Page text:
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April 1, 1997
5 Min Read
The Mark 2, an analyzer from Omnimark Instrument Corp. (Tempe, AZ) heats a sample of resin and measures the moisture evolved, telling the user just how wet or dry the resin is.
This used to happen to Teena Henson about twice a week: A part would start to show signs of splay or degradation. The molder would shut down the press and call Henson over, claiming that the resin was too wet. The molder would increase the drying time, without knowing for sure what the culprit was. Thus began a series of guesses as to what the cause of the splay might be, without data to back up assertions.
Henson is a material handler at Teledyne Water Pik in Loveland, CO. The facility there has 28 presses ranging from 30 to 500 tons running about 150 materials, many that like to hold water, such as nylon and Isoplast (polyurethane). With 150 to 200 mold changes a month, material and parts come and go quickly, leaving little margin for error. Two particular products, the Shower Massage and the Oral Irrigator, are both manufactured with molded Isoplast parts; if too wet they quickly become brittle and easily break.
Henson says she was frustrated by her inability to know what was happening in the dryer hopper - especially in the rarefied air at the foot of the Rocky Mountains, where material specs for drying time and temperature do not always apply. "If the molding people came to us and said the material was wet," Henson says, "we had no way to dispute it."
At a similar altitude and in a similar situation was Michael McPheron, process manufacturing engineer at Complex Tooling and Molding in Boulder, CO. Complex runs a lot of engineering materials on its 22 presses, ranging from 25 to 750 tons. Like Henson, he was doing a fair amount of guessing when it came to troubleshooting processing problems, ranging from yellowing nylon to splay to degradation.
Then last November McPheron decided to stop guessing and started trial testing resin moisture analyzers. He settled on the Mark 2, an analyzer from Omnimark Instrument Corp. (Tempe, AZ). The device heats a sample of resin and measures the moisture evolved, telling McPheron just how wet or dry his resin is. The immediate effect was simple: "Now, I know if it's wet or dry. It used to be just a guessing game."
Henson also has adopted uses of this analyzer, and agrees. "In truth, it's saved us a lot of money by not running wet material, not getting bad parts," she says.
But a moisture analyzer is not a device to hide in the broom closet to be whipped out just because your operator thinks your nylon is wet, or because parts are starting to show splay. McPheron and Henson both use the analyzer as preventive medicine, and that's where the long-term payoffs are.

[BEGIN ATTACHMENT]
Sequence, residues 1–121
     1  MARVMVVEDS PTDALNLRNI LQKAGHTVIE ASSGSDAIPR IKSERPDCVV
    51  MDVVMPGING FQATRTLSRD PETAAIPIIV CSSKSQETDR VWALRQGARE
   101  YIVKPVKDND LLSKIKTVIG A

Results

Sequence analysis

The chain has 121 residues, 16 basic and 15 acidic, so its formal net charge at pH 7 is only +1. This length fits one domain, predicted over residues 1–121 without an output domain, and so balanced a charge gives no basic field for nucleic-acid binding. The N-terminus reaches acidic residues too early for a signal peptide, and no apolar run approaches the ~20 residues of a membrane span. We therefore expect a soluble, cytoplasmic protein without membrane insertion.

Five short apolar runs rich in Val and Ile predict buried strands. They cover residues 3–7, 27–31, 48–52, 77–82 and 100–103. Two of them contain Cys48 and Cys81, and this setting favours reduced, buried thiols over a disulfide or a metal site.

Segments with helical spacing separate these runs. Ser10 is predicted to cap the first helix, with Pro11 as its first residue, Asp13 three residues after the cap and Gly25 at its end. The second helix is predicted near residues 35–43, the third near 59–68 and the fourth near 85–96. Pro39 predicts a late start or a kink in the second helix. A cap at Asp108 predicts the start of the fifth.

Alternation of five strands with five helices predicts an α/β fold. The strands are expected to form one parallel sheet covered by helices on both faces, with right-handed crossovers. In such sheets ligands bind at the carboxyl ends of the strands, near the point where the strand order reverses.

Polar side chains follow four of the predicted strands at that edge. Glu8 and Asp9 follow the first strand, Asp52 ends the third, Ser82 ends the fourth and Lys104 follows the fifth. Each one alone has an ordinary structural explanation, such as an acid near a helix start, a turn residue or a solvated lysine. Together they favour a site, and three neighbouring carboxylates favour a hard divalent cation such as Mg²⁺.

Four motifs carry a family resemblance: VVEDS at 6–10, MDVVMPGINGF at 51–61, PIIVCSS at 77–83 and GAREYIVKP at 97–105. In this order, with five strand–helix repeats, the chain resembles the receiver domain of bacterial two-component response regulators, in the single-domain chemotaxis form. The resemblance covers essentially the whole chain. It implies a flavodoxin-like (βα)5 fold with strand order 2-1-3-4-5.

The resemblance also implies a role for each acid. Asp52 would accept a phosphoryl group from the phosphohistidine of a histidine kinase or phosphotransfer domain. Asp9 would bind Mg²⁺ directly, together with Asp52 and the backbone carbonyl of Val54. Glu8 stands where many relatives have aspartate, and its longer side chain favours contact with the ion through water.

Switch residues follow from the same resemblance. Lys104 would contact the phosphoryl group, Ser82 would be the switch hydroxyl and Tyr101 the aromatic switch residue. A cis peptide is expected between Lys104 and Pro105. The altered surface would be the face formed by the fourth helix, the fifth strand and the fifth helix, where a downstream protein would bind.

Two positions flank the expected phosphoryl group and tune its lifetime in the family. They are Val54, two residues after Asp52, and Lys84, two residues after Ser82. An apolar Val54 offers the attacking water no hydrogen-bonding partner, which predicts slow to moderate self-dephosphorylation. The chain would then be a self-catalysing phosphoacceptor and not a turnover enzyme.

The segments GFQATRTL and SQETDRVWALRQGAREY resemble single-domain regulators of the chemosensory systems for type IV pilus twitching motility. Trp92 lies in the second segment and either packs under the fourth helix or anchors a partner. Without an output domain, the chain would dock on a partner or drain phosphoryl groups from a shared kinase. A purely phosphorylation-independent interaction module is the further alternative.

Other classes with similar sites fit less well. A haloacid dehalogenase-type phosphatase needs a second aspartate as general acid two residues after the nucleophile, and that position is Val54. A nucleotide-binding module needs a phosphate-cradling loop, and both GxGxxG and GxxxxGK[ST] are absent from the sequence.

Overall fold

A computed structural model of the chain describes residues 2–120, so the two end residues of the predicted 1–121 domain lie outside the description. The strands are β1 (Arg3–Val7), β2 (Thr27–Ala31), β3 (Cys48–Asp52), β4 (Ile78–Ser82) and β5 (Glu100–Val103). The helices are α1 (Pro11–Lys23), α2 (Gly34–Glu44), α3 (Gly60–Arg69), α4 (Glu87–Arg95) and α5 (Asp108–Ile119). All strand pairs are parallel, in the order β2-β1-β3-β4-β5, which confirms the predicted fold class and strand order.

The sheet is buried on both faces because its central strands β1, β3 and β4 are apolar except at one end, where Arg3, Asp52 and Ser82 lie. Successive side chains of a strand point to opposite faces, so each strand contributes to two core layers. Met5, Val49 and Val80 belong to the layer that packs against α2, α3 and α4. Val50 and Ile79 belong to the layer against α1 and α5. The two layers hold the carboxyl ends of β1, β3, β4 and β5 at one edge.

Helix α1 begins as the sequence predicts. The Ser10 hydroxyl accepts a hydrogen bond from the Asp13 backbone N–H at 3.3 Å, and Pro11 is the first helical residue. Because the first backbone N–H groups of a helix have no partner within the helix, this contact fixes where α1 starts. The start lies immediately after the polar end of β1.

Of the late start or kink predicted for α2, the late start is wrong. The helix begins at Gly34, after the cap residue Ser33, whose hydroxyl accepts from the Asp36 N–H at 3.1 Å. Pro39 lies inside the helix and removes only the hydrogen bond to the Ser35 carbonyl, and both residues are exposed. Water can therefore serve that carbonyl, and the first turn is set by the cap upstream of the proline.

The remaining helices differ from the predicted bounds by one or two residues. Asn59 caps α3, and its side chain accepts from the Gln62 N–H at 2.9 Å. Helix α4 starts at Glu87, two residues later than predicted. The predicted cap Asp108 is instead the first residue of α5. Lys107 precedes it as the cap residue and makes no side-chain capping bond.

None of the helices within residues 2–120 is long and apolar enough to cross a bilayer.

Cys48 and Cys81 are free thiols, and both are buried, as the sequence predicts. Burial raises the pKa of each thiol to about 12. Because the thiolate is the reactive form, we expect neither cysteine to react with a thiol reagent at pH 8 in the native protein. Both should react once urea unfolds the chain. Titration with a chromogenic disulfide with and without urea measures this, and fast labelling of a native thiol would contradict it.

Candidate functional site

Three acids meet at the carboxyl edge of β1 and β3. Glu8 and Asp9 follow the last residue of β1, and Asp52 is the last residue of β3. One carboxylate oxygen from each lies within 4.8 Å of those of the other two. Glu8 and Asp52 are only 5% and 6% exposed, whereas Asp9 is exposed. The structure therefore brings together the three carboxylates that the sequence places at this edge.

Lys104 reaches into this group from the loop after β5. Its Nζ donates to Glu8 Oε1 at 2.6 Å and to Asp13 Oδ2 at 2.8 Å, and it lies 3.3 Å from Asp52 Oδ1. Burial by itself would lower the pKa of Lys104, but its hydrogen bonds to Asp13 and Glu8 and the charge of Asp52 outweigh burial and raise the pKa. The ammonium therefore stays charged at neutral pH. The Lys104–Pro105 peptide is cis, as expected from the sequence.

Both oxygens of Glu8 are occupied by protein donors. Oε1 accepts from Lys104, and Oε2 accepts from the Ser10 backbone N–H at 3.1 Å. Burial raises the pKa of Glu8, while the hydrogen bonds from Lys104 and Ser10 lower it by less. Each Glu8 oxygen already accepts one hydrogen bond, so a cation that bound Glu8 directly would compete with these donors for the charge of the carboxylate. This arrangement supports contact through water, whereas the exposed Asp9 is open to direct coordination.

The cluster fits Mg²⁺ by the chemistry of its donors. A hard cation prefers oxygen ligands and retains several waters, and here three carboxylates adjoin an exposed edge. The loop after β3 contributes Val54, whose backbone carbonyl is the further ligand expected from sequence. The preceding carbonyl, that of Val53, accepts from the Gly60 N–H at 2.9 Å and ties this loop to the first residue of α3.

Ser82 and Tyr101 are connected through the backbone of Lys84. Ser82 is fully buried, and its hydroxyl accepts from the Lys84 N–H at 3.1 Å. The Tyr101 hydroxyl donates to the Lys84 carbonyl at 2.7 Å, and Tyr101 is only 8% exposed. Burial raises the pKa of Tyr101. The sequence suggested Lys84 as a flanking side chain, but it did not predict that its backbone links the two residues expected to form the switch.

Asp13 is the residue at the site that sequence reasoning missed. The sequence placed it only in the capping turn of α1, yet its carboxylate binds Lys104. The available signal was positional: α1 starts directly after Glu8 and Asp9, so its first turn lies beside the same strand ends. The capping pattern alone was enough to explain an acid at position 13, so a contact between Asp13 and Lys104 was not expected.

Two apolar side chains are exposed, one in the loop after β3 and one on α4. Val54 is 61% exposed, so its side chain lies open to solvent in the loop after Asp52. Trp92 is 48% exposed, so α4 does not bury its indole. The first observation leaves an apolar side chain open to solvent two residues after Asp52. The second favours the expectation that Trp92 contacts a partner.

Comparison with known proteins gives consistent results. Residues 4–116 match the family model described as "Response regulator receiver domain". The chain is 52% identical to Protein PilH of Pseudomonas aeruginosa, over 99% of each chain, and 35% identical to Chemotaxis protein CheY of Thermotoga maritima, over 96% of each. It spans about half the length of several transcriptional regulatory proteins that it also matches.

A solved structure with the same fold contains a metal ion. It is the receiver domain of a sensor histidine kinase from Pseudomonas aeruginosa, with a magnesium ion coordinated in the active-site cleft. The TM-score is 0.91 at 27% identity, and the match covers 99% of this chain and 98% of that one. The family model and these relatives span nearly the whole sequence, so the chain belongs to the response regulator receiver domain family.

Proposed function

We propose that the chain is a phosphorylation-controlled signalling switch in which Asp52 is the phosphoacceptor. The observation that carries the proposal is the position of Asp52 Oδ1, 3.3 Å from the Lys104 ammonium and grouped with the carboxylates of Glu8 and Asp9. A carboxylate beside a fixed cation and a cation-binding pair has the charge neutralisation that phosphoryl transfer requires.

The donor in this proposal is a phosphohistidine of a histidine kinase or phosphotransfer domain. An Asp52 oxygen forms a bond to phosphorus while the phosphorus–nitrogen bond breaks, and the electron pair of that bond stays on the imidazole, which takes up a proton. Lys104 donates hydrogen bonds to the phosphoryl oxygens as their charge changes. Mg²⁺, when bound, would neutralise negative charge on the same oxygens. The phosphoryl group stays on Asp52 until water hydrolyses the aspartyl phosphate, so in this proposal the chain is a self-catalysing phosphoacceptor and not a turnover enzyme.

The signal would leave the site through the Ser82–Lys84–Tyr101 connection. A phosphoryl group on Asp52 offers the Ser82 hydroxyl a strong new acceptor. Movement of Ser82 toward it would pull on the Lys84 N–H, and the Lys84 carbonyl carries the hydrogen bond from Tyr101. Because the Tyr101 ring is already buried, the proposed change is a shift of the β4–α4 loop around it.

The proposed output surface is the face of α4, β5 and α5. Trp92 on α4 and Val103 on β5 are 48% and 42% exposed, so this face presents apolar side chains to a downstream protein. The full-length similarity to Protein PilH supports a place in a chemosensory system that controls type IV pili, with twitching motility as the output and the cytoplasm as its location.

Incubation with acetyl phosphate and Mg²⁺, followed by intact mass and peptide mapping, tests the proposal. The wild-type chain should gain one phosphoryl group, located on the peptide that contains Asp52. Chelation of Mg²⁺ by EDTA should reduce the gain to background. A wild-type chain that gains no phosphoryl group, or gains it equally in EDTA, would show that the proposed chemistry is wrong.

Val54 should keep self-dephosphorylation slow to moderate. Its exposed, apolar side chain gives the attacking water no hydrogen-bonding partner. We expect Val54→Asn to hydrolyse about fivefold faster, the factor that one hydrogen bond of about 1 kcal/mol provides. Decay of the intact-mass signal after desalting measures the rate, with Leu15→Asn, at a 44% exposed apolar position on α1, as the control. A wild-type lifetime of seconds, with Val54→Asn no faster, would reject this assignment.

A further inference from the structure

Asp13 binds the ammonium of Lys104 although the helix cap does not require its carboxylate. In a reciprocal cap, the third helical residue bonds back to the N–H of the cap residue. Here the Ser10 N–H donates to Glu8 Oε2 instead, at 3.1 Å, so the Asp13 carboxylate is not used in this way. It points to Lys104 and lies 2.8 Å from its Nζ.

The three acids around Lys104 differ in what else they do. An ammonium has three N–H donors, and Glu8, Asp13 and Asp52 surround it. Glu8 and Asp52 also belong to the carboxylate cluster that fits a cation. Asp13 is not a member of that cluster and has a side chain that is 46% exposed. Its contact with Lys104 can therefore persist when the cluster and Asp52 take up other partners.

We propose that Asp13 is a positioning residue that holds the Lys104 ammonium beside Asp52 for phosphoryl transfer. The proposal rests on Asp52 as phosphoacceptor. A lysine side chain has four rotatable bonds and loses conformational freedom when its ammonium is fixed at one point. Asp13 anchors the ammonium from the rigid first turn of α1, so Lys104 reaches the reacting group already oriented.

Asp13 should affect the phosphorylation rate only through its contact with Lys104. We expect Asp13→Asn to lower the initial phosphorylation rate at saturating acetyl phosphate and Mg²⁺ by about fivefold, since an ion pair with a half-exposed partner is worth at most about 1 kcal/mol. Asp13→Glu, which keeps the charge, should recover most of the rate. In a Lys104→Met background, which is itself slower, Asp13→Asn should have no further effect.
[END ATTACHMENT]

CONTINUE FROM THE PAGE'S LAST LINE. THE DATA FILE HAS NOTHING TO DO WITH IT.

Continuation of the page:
The drying process has a lot of variables: dryer, material, air lines, ambient temperature, ambient humidity. To attenuate the problem, McPheron says every resin in his shop is tested for moisture before it runs on a press. And for his hydrosensitive materials - nylon and polycarbonate - the material gets checked once or twice during the run. Henson too checks resin for moisture before it runs, and at least once a shift after that.
Henson and McPheron both say that using the moisture analyzer helps make them less reliant on material drying specs that may or may not apply. By knowing the exact moisture content of their resin, they dry it only as much as needed, which is often less at a mile high.
The Mark 2, McPheron also points out, tells him if his resin is too dry. He says Complex had a series of nylon parts that frequently emerged from the press yellowed. With the moisture analyzer, he determined that the resin was being overdried in the hopper. "We'd wind up throwing away hundreds of pounds in bad parts," he says. "I'd have to say it's already paid for itself, just in scrap alone." By Henson's calculations, Teledyne reduced material downtime from 55 hr/week to 35 hr/week in one year, saving the company approximately $20,000.
Although the concept of the moisture analyzer is relatively simple, the device itself is actually more sophisticated. Gary Beebe, sales manager at Omnimark, says his company spends a lot of time testing, tracking, storing, and maintaining material data used by the analyzers. For every type and brand name of material, Omnimark develops ideal parameters for temperature, sample weight, minimum testing time, and end point setting. When a customer buys a Mark 2, Omnimark preprograms the analyzer with this resin data, specific to the materials the customer runs. So, when Henson is ready to test her nylon, she simply selects it from the menu and the analyzer prompts her for the rest.
Testing time of samples varies depending upon the material, but generally ranges from 3 to 10 minutes. Results are printed by the analyzer and stored in memory. Beebe says up to 255 consecutive tests per resin can be stored, allowing you to go back and pull data for almost any specific date, time, or material. For more sophisticated analysis you can attach a PC. Results of moisture content can be expressed in parts per million or as a percentage; Beebe says most customers use percentage.
If you have a new material that's not been preprogrammed into your Mark 2, just send it to Omnimark. If the company doesn't have data for it, Beebe says it'll test it for you and send you the specs, which you can enter into the analyzer yourself. Prices for the Mark 2 start at about $7500.
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